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ON JULY 7, yet another cultural comrade of mine left this Earth at the age of 86 — the pioneering performance poet and tireless, almost evangelical promoter of all things poetic, jazzy, artistic and sometimes just downright batshit weird, Michael Horovitz.
He started performing and organising poetry events in the 1950s and was one of the prime movers behind the groundbreaking and rumbustious, by poetic standards of the time, legendary Royal Albert Hall beat poetry “happening” of 1966.
“Misbehaving” beat poets somehow got poetry banned from the RAH for the next 18 years. God knows how long the ban would have been if we punk poets had been there.
Michael tirelessly promoted and encouraged up-and-coming poets for over half a century through his magazine New Departures and his regular Poetry Olympics live events. And he really was open to new ideas and performers, as is perfectly illustrated by what happened the first time I met him 40 years ago in late 1981, very early on in my life as Attila the Stockbroker.
Myself and fellow ranting poet Seething Wells had just finished doing a gig on the back of a lorry at a Right to Work Campaign demonstration in South London.
I knew that Michael was hosting a big Poetry Olympics event at the nearby Young Vic Theatre that evening and that the star of the show was Jam front man Paul Weller, who at that time was writing poetry himself and had set up a publishing house, Riot Stories, to encourage new writers.
An ideal audience for us. “Let’s gatecrash it,” I said to Swells. And we did.
Michael was completely unfazed. Confronted with a punk and a skinhead, both loud, claiming to be poets and demanding five minutes each, he took us on trust, put us on just before Weller and we stormed it.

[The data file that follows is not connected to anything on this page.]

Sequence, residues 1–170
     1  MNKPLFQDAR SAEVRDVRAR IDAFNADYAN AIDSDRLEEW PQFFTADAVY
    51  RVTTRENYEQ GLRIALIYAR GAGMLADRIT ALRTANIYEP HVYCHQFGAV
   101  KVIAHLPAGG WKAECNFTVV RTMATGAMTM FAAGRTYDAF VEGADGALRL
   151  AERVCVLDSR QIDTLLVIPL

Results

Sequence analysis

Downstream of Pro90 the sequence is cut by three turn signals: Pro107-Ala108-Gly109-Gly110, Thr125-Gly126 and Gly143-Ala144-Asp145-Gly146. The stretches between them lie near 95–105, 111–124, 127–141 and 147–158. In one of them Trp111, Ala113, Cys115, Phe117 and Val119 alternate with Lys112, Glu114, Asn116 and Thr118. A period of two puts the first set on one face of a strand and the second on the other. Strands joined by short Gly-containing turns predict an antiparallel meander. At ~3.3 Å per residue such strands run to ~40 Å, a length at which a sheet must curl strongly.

That 10 minutes between us got us a brilliant NME review from editor Neil Spencer, a support gig with the Jam and a spot on the LP of the event Michael released soon afterwards. For Swells it was his first encounter with the NME, for which he’d later become a star writer. For me it was one of my first big breaks in my single-minded quest to make my dream of earning a living as a poet a reality.
That was the beginning of a 40-year comradeship. As an organiser he was brilliant. As a poet it was complicated. Some of his stuff — Midsummer Morning Jog Log, his ode to his Gloucestershire home, and his New Wasteland, a modern rewrite of an old radical classic — were brilliant. Some I freely confess to dismissing as total hippy bollocks.
But the thing I will never, ever forget about Michael is his Anglo-Saxophone. He has “played” it alongside some of the great musicians of our age. He got it out at the slightest opportunity. And, in its, and his, honour, I shall leave you with this poem.
PUT IT AWAY, MICHAEL!
Purple clothes and floppy hat.
‘Oh, Michael, what the hell is that?’
(An object of uncertain shape
Festooned with ancient masking tape.)
‘Mock not, Attila’ cries the bard.
‘It may be old and battle-scarred
But it is blessed with wondrous tone.
Behold my Anglo-Saxophone!’
With that, he blows into the thing
And, simultaneously, starts to sing.
The sound is quite remarkably
Like a demented bumblebee.
Now I’m an early music punk.
I play the crumhorn when I’m drunk.
I soon express my point of view.
‘Michael, old mate, that’s a kazoo.’
But he’s away, his Muse is flowing!
His Anglo-Saxophone he’s blowing!
The poets’ friend. An inspiration.
For Michael, this commemoration.
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